My problem with this is two-fold. First, this policy telegraphs to terrorists exactly how they can avoid attack, that is, do precisely what the law of war seeks to avoid: surround themselves with civilians. It incentivizes the use of human shields. It really is that simple.
Secondly, and this relates to the previous concern, this policy creates what I call the “moral hazard.” By this I mean that each strike that is forgone as a result of the policy does remove the risk of the Administration being criticized for civilian casualties that might occur as a result of an attack, but doing so actually shifts the risk onto helpless civilians on the ground who are now vulnerable to the barbarisms of the terrorist(s) who might have been killed had the strike taken place, but who now can live on to commit further horrors.
In short, it is not at all necessarily the case that if a strike does not take place that no civilian casualties will occur. What is more is this: is there any evidence – literally “any” – that shows that anyone who was critical of drones was persuaded to support them because of this “near certainty” policy?
Will the President’s order and disclosures make a difference to the “transparency” critics?
Unfortunately, I don’t think so.
Indeed, even before the documents were issued, some critics were already complaining about a lack of transparency. Among other things, they want “information about every strike — the date of the strike, the location, the numbers of those killed or injured, and the civilian or combatant status of those casualties.” They are, apparently, indifferent (or oblivious) to the fact that such specific information would be exceptionally useful to adversaries in analyzing our intelligence sources and methods, not to mention devising ways of avoiding strikes altogether.
Ironically, when the critics produce their own reports denigrating drones, they often do not disclose the identity of their interviewees, claiming to do so raises concerns about the safety of those they say cooperated with them. Thus, it is impossible to independently verify the allegations. Despite recognizing their own security concerns, they don’t want to recognize that the government may have them as well.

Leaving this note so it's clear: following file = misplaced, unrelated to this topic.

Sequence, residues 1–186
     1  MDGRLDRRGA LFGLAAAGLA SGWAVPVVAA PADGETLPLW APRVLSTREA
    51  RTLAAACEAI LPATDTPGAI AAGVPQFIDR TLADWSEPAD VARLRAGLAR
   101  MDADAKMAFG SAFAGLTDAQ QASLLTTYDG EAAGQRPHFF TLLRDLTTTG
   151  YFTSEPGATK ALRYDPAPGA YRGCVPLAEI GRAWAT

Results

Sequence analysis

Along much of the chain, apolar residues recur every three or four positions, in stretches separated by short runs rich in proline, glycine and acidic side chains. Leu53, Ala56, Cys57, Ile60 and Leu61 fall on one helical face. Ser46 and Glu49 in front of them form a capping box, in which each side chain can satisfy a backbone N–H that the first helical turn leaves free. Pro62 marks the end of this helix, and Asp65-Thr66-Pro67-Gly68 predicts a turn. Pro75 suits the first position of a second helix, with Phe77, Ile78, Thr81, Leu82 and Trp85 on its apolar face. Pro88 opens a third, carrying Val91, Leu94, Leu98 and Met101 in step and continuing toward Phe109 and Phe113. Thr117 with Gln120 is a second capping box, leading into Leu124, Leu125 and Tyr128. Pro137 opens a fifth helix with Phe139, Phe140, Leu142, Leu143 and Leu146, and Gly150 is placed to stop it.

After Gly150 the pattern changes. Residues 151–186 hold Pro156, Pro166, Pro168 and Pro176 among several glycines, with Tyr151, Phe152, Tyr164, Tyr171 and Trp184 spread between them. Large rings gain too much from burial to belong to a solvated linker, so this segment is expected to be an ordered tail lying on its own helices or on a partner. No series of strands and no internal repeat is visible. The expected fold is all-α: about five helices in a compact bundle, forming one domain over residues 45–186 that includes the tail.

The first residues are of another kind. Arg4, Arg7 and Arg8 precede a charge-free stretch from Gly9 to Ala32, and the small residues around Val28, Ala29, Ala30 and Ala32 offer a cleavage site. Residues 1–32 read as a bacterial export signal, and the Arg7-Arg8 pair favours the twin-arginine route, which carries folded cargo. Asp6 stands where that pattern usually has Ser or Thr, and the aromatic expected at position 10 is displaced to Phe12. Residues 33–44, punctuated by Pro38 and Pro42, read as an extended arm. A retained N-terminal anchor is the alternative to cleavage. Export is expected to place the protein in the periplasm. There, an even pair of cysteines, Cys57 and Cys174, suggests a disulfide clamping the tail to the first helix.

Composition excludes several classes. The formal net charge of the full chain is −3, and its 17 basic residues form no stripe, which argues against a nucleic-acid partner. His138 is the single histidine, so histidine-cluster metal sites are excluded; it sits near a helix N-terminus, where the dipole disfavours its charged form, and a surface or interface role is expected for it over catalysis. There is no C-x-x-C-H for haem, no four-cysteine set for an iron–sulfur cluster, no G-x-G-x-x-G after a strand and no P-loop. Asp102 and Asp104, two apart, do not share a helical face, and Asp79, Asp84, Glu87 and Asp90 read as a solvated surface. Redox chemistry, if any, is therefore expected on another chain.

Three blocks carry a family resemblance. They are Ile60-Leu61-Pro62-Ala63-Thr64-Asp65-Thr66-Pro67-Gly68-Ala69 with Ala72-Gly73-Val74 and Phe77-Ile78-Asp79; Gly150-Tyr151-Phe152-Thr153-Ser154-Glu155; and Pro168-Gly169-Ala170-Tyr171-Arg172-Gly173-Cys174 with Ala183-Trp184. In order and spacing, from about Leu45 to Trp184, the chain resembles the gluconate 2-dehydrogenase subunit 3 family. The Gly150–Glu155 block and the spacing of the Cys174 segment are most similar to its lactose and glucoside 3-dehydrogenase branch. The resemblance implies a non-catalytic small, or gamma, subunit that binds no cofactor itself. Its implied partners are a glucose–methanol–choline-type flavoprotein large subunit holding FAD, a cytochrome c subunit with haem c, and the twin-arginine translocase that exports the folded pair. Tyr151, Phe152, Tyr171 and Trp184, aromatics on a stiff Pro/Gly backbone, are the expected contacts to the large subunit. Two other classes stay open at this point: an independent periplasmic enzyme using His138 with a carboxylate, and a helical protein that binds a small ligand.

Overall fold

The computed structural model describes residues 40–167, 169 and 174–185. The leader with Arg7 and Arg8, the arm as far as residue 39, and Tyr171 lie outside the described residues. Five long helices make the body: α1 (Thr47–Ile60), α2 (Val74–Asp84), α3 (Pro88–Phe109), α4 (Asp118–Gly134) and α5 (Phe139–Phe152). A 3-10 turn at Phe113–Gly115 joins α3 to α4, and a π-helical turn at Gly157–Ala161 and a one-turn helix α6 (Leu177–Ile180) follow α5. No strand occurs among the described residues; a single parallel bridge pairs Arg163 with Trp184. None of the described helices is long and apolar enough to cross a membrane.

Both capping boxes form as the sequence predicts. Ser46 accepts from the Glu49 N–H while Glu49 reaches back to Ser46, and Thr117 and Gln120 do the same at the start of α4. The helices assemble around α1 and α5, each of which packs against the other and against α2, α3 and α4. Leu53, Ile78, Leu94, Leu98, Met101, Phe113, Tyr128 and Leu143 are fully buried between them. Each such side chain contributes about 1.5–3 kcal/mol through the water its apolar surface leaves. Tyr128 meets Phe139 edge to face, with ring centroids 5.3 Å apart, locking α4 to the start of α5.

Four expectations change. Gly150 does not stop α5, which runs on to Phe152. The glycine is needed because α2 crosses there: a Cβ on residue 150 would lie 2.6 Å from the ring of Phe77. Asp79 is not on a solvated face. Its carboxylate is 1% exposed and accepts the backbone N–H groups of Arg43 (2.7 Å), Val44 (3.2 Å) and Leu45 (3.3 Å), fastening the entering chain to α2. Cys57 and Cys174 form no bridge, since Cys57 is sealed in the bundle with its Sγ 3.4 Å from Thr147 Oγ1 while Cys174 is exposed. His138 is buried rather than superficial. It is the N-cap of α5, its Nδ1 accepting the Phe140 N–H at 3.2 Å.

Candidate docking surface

I do think that there are some open-minded people who might find the President’s efforts persuasive. Polls show that support for drone strikes rises dramatically among those who have higher educational levels. I believe that this means that those who educate themselves about drones understand – and accept – the inevitable tradeoffs between security and transparency. I’d wager that they understand that if you have to use force, drones are among the most discriminate means of doing so. (And if you think drone strikes cause “blowback” read this.)
The fact is that most Americans were already satisfied with the drone program. Last year a poll showed that 58% approved of their use (only 35% disapproved). My bet is that in light of the horrific terrorism events since then, support today would be even higher. The rest of the world? I think it is unlikely that many minds will be changed as my sense is that the opposition may have more to do with U.S. security policies generally than with the particular means used.
Interestingly, a 2014 poll by the Pew Research Center found that while most people around the world opposed the U.S.’s use of drones (and its surveillance program), in “most countries there is little evidence this opposition has severely harmed America’s overall image.” In fact, Pew reported that 65% still had a “favorable” view of the U.S.
Regardless, there is no changing some minds or, for that matter, organizational positions. I believe that for some non-governmental organizations critical of drones there is no ‘business case’ for changing their positions, regardless of what the facts may now show. They – and the patrons they depend upon – are simply too deeply ideologically committed to opposing them to change their public posture. (And, again, that opposition may actually be more about U.S. foreign policy generally than about this particular weapons’ platform.)
Unlike non-governmental organizations, governments have a responsibility to protect their citizens. As the Supreme Court said in Haig v. Agee, it is “obvious and unarguable” that “no governmental interest is more compelling than the security of the Nation.” While the Administration’s efforts may be imperfect, they do represent a sincere and, in many ways, an unprecedented effort to balance the needs of security with the transparency a democratic government ought to display in a free society.